By Isabelle Khurshudyan
July 9, 2013
In the center of the cul-de-sac, at the end of Myrtle Court, is a gently flowing reminder to Wales Garden residents of times come and gone.
The surroundings have changed, but the Myrtle Court fountain keeps bubbling on. What began as a community focal point is now a historical landmark and treasured gem.
Under the churning water are a handful of pennies tossed in with hopes of wishes to come true. Its basin is rusted. There are cracks in its base.
Yet the fountain has a certain charm for its residents. In a community without a park or benches, the Myrtle Court fountain serves as a place to walk pets to and a gathering spot for residents who appreciate the history it holds.
“We may not notice it or take time to appreciate it on most days,” Myrtle Court resident John Wrisley said. “But I think we’d miss it if it were gone. There just seems to have been so many memories at that fountain.”
The first mention of the fountain is in the Nov. 6, 1921, Columbia Record. With the upcoming construction of Myrtle Court and 13 “modern brick bungalows” on it, the fountain would serve as the center of the new street, according to the article in the business news section. The court was supposed to be enclosed with an iron fence, and the development was “expected to make the place a high-class establishment.”
On a Columbia map from that time, Wales Garden was “Wales Gardens” and Enoree Street was on a different track of road than it is now. The University of South Carolina occupied only a few blocks. Much has changed in the neighborhood just south of Five Points, but the fountain has stayed mostly the same with only slight changes at the top and none to the base. In 2005, it was recognized as a historical landmark by the city, which now maintains it.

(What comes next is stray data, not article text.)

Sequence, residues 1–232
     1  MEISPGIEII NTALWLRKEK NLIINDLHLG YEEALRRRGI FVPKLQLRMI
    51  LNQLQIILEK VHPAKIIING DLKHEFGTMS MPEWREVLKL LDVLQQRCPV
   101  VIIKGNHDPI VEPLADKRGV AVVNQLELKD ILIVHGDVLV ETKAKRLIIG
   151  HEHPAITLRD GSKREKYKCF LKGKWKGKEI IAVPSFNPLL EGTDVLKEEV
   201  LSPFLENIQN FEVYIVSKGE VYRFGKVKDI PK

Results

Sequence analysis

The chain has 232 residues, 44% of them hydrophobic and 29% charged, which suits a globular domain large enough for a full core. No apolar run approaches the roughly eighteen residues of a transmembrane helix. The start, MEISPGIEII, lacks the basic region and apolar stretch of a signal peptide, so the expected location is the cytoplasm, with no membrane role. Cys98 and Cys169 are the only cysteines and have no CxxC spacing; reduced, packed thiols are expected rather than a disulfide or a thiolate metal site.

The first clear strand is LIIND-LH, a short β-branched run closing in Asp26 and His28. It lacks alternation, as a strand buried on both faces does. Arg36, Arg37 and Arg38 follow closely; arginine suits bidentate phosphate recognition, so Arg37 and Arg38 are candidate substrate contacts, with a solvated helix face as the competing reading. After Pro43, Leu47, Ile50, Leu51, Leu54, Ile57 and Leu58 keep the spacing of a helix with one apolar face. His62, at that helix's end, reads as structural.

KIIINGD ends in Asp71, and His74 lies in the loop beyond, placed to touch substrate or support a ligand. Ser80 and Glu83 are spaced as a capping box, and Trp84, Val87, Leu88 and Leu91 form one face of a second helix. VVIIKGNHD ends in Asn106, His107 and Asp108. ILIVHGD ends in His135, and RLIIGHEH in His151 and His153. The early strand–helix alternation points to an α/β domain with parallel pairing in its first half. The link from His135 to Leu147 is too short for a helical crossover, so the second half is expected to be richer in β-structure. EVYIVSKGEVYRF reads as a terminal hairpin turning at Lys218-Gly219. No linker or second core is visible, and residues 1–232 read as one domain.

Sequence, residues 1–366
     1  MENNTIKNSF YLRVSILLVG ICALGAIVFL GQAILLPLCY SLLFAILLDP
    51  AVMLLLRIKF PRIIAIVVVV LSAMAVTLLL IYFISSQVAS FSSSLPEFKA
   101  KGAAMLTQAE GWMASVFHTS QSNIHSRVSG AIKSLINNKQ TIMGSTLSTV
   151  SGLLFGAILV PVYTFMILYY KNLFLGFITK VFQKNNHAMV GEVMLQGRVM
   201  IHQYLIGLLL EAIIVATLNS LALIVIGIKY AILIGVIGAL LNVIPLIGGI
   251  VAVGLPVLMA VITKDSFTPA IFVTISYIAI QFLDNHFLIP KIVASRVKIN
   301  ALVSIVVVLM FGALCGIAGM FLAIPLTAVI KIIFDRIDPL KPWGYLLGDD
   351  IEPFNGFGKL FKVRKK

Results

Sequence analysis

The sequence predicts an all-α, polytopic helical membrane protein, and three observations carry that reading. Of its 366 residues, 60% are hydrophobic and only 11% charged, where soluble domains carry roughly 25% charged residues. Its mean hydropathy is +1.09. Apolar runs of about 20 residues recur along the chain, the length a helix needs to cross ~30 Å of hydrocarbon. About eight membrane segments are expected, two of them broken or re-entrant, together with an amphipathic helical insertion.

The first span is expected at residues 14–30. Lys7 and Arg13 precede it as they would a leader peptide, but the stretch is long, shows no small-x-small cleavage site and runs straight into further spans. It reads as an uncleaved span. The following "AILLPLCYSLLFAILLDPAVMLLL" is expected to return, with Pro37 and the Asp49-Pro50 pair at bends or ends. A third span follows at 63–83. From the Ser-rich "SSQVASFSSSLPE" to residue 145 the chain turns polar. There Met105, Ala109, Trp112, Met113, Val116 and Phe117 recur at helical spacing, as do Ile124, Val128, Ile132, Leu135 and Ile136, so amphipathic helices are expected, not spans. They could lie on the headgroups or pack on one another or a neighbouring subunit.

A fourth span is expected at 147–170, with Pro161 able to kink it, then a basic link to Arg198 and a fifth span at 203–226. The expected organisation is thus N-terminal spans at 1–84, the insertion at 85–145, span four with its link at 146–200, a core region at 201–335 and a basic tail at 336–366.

Wrisley, 84, raised his five children in one of the original brick bungalows on Myrtle Court. He says they would play in the fountain on hot summer afternoons, then he chuckles when describing the fountain in the winters. The neighborhood decided to keep the fountain running yearlong, and Wrisley says the water would freeze and make it look like a crystal figurine.
“It’s kind of a focal point because when people walk, they might stop and look at it,” Wrisley said. “People like to throw pennies in it, but then the city comes and cleans all of the pennies out.”
Sally Sansbury grew up in the Myrtle Court house she now lives in with her husband, Gene. She says she would run into the fountain naked when she was young, her mother chasing her out the door. Wrisley, a longtime local radio personality, remembers seeing someone take a mule down Myrtle Court to get a drink of water at the fountain. While neighborhood association President Andrew Marion says he doesn’t keep up with the fountain’s history the way Wrisley does, he did organize a block party around the fountain one year.
“It’s just sort of tucked away,” Marion said. “It’s an interesting artifact of days gone by. It’s just one of those things people like to walk by, and it’s sort of peaceful.”
USC geography professor Jerry Mitchell says the fountain functions as more of a community focal point than a “third place” – a gathering place that transcends socioeconomic classes – since younger Wales Garden residents say they don’t typically visit the fountain or go past it on morning runs as the older residents do.
Wrisley says the older neighbors that have lived in Wales Garden for years are wary when there’s an unfamiliar car or person on Myrtle Court, frequently calling each other to warn of an intruder. This closed-off feeling also makes the fountain uncharacteristic of a “third place” where people can congregate regardless of class or demographic, Mitchell says.
For residents on and around Myrtle Court, the fountain is just their place. As Wrisley stands next to it, he gestures to where one of his sons slipped on the edge and scraped a knee. He says his oldest daughter would always throw pennies in and make a wish.
“This fountain may be the only thing older than me on this street,” Wrisley says. “It sure has seen a lot.”